in reply to Re: RFC: Email 2.0: Segmail
in thread RFC: Email 2.0: Segmail

Okay, I've had a look at SPF.

It suffers the same problem as digital signing. It requires that all of your email correspondants use it in order for it to be effective.

As an email user, I don't have control over how my correspondants use email. The only thing I have control over is what email address I give them. By piggy-backing a username and password in the address I give each of my correspondants, I can identify and authenticate them - without buy in from them.

That is the essence of this Segmail spec - and what makes it different from DSPAM, SPF, Statistical Junk Mail Filters, Challenge/Response systems and Digital Signing.


Andrew Tomazos  |  |

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Re^3: RFC: Email 2.0: Segmail
by gloryhack (Deacon) on Sep 25, 2005 at 19:09 UTC
    Again, good luck with your project. I hope it does for you what you want done.

    Just for the record: Of the 89,326 messages destined for my account and processed by DSPAM since I last reset the stats, it's been 99.6% accurate, with a 0.04% false positive rate. I haven't seen a false positive in several months. I see two or fewer spams in my inbox each month, and it takes me all of about a minute a day to clear my spam quarantine. DSPAM is a darn fine product.

    My anti-spam system consists of some DNS-based blacklists (one local, the rest third-party) and SPF on the front line, with DSPAM behind it. This configuration meets my goals, in that it stops network transfer of most spam and quarantines the rest. Yesterday, the front-line stopped 396 connections, 18 of them stopped by the local blacklist, seven by SPF. 66 messages got through the front-line and were processed by DSPAM (with 100% accuracy for the day). Most of the spam that gets through the front line does so by virtue of coming via hosts I remotely administer for others, where I'm known variously as webmaster, postmaster, hostmaster, and root, and webmaster is usually visible on the web. Without those, I'd have received only three messages in my quarantine yesterday, which is not bad at all for an account I've had for seven years that's been exposed (unobfuscated) on the web and in Usenet since day one.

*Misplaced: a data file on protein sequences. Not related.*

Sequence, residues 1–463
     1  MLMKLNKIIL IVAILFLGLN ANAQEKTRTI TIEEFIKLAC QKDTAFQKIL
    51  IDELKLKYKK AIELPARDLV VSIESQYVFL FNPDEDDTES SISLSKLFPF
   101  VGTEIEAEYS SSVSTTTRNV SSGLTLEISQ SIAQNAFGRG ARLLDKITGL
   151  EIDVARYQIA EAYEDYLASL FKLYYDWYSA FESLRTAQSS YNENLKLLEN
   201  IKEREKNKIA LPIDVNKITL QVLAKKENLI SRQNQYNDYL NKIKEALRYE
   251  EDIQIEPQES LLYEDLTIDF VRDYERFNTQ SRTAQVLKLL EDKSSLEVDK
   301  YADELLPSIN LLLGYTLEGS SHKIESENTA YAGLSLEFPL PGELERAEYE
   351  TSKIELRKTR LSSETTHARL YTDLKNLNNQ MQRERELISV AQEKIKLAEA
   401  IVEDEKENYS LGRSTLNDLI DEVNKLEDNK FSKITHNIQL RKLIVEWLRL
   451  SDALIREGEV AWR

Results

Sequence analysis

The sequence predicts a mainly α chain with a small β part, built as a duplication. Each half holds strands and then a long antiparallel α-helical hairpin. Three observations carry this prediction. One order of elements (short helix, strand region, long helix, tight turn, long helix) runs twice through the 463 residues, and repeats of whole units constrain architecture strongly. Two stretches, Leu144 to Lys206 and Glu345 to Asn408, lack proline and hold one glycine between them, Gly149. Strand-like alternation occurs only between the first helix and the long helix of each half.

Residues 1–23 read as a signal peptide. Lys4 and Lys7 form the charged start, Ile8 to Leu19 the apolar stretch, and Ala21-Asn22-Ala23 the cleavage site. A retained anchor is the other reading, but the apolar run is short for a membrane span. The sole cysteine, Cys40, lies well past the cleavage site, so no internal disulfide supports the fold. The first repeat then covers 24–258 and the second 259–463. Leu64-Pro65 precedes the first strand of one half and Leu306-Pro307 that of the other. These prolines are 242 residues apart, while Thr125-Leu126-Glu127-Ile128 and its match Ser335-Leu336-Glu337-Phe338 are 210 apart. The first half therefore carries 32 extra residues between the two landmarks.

Again, I hope your project does for you what you want done, and wish you the best of luck with it.

      I am confused. When someone says I use a junk email filter and only get X false positive per month - How do you know that? How do you know you are getting 0.04% false positives?

      Are you checking through your junk email folder by hand by any chance?

      Doesn't checking through your junk email folder defeat the purpose of having a junk email folder? :)

      Segmail is trying to do away with that. Zero false positives by design.


      Andrew Tomazos  |  |